Manifested Apocalypse

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I feared many things as a child: thunderstorms, plane crashes, the bubonic plague come alive from the pages of books, every flea the potential carrier of a manifested apocalypse.

In all these things, a single binding thread shot through. I never feared losing myself. Only others. I wanted them gathered around me, so that if anything happened, it happened to us all. The dead do not mourn each other.

Today, Mumbai burned. Some have likened it to the events of September 11 2001. I don’t know whether or not it is. But I do know that both times, I cried. Cities I do not know, but know I must get to know.

As someone in a long-distance relationship, events like these rouse particularly tender nerves. To get to the one I love I will need a visa, air tickets, a flight. A friend once told me about a heartrending reality of her relationship: as the half-a-lifetime younger partner of someone whose first wife was very influential, she will not be allowed to go her partner’s funeral when he dies.

This is not the first time I have been in a portmanteau love, split between places. But this is the first time it has been an unwilling separation. I spent the initial couple of months in a sort of morbid surreality. When my partner travelled and didn’t call as planned, I Googled for crashes between origin and destination. There was one time when I actually found one, and I remember feeling all the blood literally rush to my head. The feeling lasted until I realised it was an old report.

My partner and I both moved countries in an effort to carve a viable future out for ourselves, together and apart. It’s been worth it for us both professionally. It has not been worth it otherwise, and these terrorist attacks remind me of it. Reading Sonia Faleiro’s post on being extremely close to one of the points of attack, I thought: blessed are those who are safe because the ones they love are near them.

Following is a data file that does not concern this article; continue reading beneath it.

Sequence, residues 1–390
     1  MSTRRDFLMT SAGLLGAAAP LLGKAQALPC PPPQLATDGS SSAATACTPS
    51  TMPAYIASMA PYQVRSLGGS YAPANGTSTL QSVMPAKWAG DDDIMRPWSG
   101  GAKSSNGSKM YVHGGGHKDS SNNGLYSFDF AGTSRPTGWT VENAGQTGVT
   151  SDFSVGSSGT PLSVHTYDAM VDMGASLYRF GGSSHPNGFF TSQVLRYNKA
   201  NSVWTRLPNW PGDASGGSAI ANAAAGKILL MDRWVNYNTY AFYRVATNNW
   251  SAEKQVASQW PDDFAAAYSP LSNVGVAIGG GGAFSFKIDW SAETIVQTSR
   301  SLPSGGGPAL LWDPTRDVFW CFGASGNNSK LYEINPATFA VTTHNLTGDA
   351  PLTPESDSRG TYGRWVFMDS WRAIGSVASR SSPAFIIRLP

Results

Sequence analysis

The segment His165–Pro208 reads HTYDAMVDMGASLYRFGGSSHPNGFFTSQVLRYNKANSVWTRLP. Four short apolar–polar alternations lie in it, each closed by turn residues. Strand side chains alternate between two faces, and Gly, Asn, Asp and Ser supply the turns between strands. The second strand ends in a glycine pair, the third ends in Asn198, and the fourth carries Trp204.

Recently, a foreign newspaper wrote that the “cultural vibrancy” of my city gives me all the inspiration I need. That isn’t true. In the year since I moved back, I’ve had a certain degree of material success. I’m not ungrateful for this. However, there are things which a healthy bank balance and career recognition cannot rectify. Such as how I watch my back around here, because it’s evident that I am admired but not supported – I am surrounded by crocodile smiles put on because I’m an interesting person to “know”. Such as how I count less than a handful of people here as real friends. Such as how I never fully recovered from the trauma of leaving a city I knew almost as home, because I am still not home. Such as how with my grandmother’s death, I live in a house with a steadily decreasing amount of affection directed my way.

What then, does this mean for me? I don’t know yet. I was talking to a friend about Oprah’s quintessential question tonight: what do you know for sure? I know for sure that in a world increasingly fraught with uncertainty, the distances we place between our selves are only that. Distances we place between ourselves. Distances we choose to.

We were once together in an earthquake. I was angry. “I don’t want to die with you,” I said.

I lied.

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6 responses »

  1. I do know one thing for sure. There are quite a few good things to live/fight for, even in this city, even if not immediately apparent.

    But, perhaps not bubonic plague.

  2. “We were once together in an earthquake. I was angry. “I don’t want to die with you,” I said.

    I lied.”

    21 words. And the best short I’ve read this year, m’dear. Whether you intended it or not.

  3. I just want to send my love to the people of India and all affected by the tragedy of the past days. I’ve been planning to visit India next year; I do not know now. What I do know for sure (living here in NYC) is that we cannot allow
    Such senseless madness to keep peace loving people worlds apart.

  4. To live through this nightmare almost paralyzed our faith in anything human or greater than human. It’s changed our mental, spiritual and political landscapes. I’ve watched it happen in places far away – Israel, Kashmir, Darfur – but to have fierce gun battles rage in my own backyard, nope, nothing could have prepared me.
    And it reminded of the that time in 2001 when I chose to leave someone behind in New York only to feel so entirely helpless when I couldn’t trace him for days on end after the twin towers collapsed.
    :(
    Sadness.

  5. these time of tragedy make me feel that India is my long distance love.

    i told her that i wanted to die with her.

    i lied.

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